Tensions boiled over as protesters marched to the Vietnam Memorial. When the park closed at 10 p.m., some clashed with the hundreds of police officers, with photographers caught in between.
Police arrested more than 50 demonstrators after a day that saw scuffles and shoving matches on Sixth Avenue.
In the end, the NYPD prevailed, with some people bloodied, others tied up and one left with a shoe print on his head. But for most of the thousands of protesters, it was a peaceful march for a range of issues from the economy to more lofty causes.
The May Day marches caused enormous traffic snarls throughout Manhattan, and one woman said she didn't think their message was worth the cost.
"It's going to cost the city of New York, which is in debt now, millions and millions of dollars in police overtime," she said. "What's the point of that?"
Outside Zuccotti Park Wednesday, there was not a large police presence. The small group of protesters camped out at the group's original home base will be allowed to stay there without any problems.
Earlier Tuesday, activists spread out over the city with Occupy members leading a charge against financial institutions. They faced police lined up in front of Bank of America on West 42nd Street and chanted: "Bank of America, bad for America!"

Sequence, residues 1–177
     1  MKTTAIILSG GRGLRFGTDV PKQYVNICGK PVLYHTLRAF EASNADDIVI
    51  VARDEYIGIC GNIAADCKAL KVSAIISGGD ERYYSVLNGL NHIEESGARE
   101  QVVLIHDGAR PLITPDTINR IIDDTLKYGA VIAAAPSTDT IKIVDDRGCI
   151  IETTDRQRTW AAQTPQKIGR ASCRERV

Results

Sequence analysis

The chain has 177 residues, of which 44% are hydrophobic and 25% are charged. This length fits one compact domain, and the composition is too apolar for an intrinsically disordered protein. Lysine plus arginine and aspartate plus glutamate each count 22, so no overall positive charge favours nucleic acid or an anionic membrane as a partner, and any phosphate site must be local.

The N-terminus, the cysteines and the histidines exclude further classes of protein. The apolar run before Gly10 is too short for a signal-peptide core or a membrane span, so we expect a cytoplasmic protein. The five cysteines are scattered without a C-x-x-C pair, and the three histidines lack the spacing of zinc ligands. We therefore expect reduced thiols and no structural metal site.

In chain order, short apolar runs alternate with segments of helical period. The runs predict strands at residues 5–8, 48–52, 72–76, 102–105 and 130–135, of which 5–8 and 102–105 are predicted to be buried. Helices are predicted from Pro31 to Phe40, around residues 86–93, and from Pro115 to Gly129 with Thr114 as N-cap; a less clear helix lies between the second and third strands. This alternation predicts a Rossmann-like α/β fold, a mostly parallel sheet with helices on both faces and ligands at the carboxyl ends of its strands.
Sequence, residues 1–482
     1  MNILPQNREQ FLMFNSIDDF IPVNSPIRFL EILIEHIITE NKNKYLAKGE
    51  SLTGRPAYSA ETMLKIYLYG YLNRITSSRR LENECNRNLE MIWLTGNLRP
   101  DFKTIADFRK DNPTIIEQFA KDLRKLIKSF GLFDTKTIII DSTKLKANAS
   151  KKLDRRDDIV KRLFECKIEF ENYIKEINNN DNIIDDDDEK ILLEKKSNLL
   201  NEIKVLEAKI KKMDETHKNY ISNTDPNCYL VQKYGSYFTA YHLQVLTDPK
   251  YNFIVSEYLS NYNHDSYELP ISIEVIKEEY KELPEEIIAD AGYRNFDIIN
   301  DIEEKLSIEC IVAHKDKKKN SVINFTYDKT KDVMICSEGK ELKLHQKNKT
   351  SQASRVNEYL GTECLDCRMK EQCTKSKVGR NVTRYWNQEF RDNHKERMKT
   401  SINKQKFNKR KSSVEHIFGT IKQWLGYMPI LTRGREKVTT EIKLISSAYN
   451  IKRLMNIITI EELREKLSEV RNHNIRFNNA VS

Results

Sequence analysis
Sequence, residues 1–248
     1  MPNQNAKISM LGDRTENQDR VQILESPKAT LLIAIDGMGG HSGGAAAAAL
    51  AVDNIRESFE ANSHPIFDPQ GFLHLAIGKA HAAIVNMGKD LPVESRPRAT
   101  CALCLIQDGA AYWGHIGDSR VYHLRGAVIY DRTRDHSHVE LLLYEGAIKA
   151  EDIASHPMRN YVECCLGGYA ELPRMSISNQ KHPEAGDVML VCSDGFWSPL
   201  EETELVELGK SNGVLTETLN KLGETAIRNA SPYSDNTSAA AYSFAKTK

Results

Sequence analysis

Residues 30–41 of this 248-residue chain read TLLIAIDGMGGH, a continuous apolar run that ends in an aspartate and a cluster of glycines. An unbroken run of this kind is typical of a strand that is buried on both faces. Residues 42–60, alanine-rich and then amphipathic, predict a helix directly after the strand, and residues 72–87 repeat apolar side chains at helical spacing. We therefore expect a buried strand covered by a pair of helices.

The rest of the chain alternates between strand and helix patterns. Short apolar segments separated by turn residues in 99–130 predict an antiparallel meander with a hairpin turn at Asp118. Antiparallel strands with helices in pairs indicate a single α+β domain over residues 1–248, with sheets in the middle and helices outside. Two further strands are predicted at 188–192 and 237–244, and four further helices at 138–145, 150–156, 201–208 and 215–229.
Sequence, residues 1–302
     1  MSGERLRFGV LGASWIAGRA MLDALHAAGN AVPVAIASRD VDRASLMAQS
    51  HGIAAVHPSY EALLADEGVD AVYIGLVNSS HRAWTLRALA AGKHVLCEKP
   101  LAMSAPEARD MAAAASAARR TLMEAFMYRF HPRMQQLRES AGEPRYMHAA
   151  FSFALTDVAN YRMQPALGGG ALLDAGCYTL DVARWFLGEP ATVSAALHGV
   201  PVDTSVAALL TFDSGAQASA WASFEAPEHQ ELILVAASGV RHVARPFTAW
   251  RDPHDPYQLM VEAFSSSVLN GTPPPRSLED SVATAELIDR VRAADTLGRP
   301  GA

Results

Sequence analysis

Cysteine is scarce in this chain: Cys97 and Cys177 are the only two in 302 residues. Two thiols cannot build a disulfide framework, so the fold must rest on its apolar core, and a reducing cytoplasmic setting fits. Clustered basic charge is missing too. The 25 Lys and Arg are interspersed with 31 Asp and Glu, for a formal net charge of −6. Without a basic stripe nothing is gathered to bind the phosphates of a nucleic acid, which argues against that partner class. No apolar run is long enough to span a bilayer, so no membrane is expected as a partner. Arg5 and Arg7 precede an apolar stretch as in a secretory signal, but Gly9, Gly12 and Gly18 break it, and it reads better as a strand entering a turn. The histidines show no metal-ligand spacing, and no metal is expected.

Julian Kliner, 22, said protesters' main issue with the banking giant is "how many people the Bank of America foreclosed as a result of predatory lending."
Organizers initially called for protesters to block one or more bridges or tunnels, but some protesters said later in the day those plans had been canceled. Occupy activists also had said they planned to bring business to a standstill on May Day. But there was no sign of any major business disruptions. May Day protests also took place Tuesday in Los Angeles, the San Francisco Bay Area, Chicago, Atlanta and other cities.
Letters containing a white powder that appeared to be corn starch were sent to some institutions. Two letters were received Tuesday at News Corp. headquarters - one addressed to the Wall Street Journal - and a third was delivered to Citigroup. Their message said: "Happy May Day."
Seven letters were received Monday at various banks and one was sent to Mayor Michael Bloomberg.
"This is a reminder that you are not in control. Just in case you needed some incentive to stop working," the letters read, according to authorities.
A group also picketed outside New York University to protest the university's expansion plans in Greenwich Village.
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